I discovered this little poem tucked away in a diary I wrote when I was a teenager. There are scores of other poems but for now, I am publishing just this one. It sounds silly to me now because after all, I wrote it aeons ago but it is a reminder to me that I was always a writer.

I shouldn't have held your hand,
when you asked me;
because you didn't really love me.
You warned me of the consequences,
admitted your faithlessness,
even mentioned my worthlessness.
I let you.

I shouldn't have let you kiss me,
When you held me;
Because for you it was a game
You emphasised its lightness,
stressed its momentariness,
specified its meaninglessness.
I gave in.

© Nita Jatar Kulkarni

Tuesday, March 19, 2019

The time it takes to publish a book

Most writers know the difference between paying to get your book published and getting a publisher to invest in your work. The publishers who do the latter are called traditional publishers. But people don't always know the difference.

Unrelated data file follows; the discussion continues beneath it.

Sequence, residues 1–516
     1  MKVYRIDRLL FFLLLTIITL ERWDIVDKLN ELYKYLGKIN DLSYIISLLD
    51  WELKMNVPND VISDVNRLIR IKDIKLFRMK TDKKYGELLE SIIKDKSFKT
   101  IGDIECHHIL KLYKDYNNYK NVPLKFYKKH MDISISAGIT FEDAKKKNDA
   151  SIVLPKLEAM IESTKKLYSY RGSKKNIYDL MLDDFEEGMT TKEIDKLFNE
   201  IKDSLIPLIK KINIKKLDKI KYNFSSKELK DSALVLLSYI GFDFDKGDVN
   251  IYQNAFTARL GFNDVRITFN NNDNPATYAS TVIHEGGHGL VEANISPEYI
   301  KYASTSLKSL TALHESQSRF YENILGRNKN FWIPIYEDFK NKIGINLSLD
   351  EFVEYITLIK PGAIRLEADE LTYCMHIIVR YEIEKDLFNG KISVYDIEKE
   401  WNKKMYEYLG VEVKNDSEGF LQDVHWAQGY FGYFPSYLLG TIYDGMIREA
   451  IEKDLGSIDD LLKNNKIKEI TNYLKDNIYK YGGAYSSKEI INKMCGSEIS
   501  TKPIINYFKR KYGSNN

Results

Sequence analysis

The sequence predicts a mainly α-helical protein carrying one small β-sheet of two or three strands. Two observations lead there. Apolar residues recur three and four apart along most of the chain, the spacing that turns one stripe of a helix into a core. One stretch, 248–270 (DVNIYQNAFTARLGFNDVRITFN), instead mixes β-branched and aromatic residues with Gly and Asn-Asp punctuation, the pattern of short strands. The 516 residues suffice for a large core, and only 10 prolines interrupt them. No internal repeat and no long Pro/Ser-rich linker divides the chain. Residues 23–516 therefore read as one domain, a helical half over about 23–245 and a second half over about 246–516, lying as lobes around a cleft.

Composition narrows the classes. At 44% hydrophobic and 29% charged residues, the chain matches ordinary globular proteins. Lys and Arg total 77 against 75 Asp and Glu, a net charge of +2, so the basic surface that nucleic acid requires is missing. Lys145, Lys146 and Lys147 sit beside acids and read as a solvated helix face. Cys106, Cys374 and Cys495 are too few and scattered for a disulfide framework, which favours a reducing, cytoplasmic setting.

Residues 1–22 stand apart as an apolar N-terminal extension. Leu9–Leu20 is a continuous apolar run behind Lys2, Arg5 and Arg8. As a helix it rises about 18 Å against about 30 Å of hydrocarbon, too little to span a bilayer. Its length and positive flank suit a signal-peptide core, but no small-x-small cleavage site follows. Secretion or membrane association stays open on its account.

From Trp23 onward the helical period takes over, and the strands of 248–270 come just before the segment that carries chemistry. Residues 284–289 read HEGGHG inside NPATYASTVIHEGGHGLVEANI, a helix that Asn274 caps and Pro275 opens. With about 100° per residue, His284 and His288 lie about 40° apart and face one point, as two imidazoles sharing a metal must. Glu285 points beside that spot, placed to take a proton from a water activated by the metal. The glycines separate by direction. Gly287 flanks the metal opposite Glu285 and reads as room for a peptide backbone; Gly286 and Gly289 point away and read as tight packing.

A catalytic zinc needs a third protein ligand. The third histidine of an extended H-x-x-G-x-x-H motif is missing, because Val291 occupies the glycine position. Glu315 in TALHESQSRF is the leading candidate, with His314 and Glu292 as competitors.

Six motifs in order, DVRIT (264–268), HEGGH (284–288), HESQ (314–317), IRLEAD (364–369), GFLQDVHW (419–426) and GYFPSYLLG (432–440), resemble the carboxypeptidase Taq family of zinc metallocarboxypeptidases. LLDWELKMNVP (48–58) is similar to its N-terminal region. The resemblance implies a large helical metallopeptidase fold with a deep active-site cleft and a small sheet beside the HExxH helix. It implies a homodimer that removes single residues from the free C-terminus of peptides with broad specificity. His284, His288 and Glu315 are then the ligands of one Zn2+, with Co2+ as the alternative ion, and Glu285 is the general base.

This didn't matter to me until I got into the game. Now that I've been telling people about my soon-to-be-published novel for over a year...two years, people ask questions. The novel is still not published (although it will be at the end of the year) and people want to know why.

Every time I meet someone who knows I have written a book, I get asked the same questions again and again, in different ways.

What? Your book is still not published?
Why is your book taking so long?
Where is this book you've been talking about? 
When will your book be published?

Wednesday, December 19, 2018

The grey area between a pantser and a plotter

I am neither a pantser nor a plotter. I have my own method. It's worked for me so far.

Pantsers write without a structure in mind and plotters outline and then fill in the blanks. The pantsers and the plotters. I never really got this distinction. The grey area between these two extremes is just too huge. Experts tell you to do what suits you best. I figured it out, for me.

I wrote my first crime thriller (to be published in September 2019) as a pantser. It took several rewrites and several years and a lot of muddling about. I want a better method. Fun as it was.

The second time around (I am working on my second novel, a sequel) I thought I would try the plotting method. Total Fail. Got writer's block. So that's out of the window.

What I did next was